AK: The relationship between Indigenous cultures, nature and the rest of the world forms a complex interplay. This ambivalence is visible, for example, in the documentary Angry Inuk by Alethea Arnaquq-Baril. The industrialised nations have unquestionably had an effect on the realities of life for Inuit – but the opposite is also true. The sole source of income for many Inuit is the trade in sealskins, a by-product of their diet. They make clothing and jewellery from the pelts for their own use but also to sell. Environmental organisations, however, protest loudly against seal hunting. Inuit are still allowed to hunt them, but the trade embargo means they may no longer sell the skins and their products. Such interdependencies can only be understood from a global perspective. Not all Inuit in northern Canada want to live like they did thousands of years ago; instead, they want to participate in the global community. NATIVe is all about listening closely to Indigenous voices and taking them seriously. It is about offering them the opportunity to speak for themselves and to present their situation.
The Image of the Noble Savage
Especially in the Germany of Karl May, it appears that misunderstandings between the different cultures are a given. How great is the danger of false romanticising?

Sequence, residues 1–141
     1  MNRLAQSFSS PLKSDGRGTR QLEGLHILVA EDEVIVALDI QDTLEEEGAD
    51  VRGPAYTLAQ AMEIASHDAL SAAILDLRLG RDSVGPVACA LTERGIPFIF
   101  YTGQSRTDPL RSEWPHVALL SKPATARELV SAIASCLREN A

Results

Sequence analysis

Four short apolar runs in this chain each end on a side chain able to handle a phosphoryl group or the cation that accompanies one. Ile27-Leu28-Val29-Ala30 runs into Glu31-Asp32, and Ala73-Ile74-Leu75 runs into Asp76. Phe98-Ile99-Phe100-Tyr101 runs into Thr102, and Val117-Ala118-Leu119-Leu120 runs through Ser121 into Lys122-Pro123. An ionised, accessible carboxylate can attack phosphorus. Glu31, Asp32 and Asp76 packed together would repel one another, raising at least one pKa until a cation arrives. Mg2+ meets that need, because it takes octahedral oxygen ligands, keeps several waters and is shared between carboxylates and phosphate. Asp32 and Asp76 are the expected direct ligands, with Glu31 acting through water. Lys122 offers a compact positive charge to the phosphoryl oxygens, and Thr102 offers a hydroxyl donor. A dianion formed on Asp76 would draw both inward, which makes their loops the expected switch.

MR: Very great. And romanticising can quickly lead to the quest for a lost paradise and the projection of the idea of the so-called "noble savage". We must really watch out for this. In NATIVe we seek to achieve the opposite. The situation of Indigenous people is nowhere near as ideal as our own sense of longing tries to make us believe.
At the same time, the medium of cinema is virtually predestined to be a place for longing and projection. How do the films handle this?
AK: Cinema has always been a place of longing and it can remain so. Sometimes this is also in evidence in the NATIVe programme. However, the films are by no means romanticised depictions of an idyllic world. We show work made by Indigenous filmmakers – their aesthetics, artistic and narrative ambitions are equally as important to them as to any filmmaker. The focus is on the medium of film and how it can be utilised.